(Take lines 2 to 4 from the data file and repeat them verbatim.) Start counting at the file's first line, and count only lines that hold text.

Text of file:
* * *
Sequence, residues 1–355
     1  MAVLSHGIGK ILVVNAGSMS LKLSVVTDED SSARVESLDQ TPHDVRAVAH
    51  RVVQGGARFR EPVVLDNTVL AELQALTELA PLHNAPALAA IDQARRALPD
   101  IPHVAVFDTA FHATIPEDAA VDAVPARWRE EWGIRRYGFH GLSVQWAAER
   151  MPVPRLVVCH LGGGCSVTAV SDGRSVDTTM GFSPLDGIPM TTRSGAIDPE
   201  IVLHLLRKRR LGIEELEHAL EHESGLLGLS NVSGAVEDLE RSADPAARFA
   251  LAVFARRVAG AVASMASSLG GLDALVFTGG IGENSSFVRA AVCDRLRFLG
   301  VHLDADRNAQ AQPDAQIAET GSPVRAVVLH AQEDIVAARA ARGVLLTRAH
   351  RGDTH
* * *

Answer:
     1  MAVLSHGIGK ILVVNAGSMS LKLSVVTDED SSARVESLDQ TPHDVRAVAH
    51  RVVQGGARFR EPVVLDNTVL AELQALTELA PLHNAPALAA IDQARRALPD
   101  IPHVAVFDTA FHATIPEDAA VDAVPARWRE EWGIRRYGFH GLSVQWAAER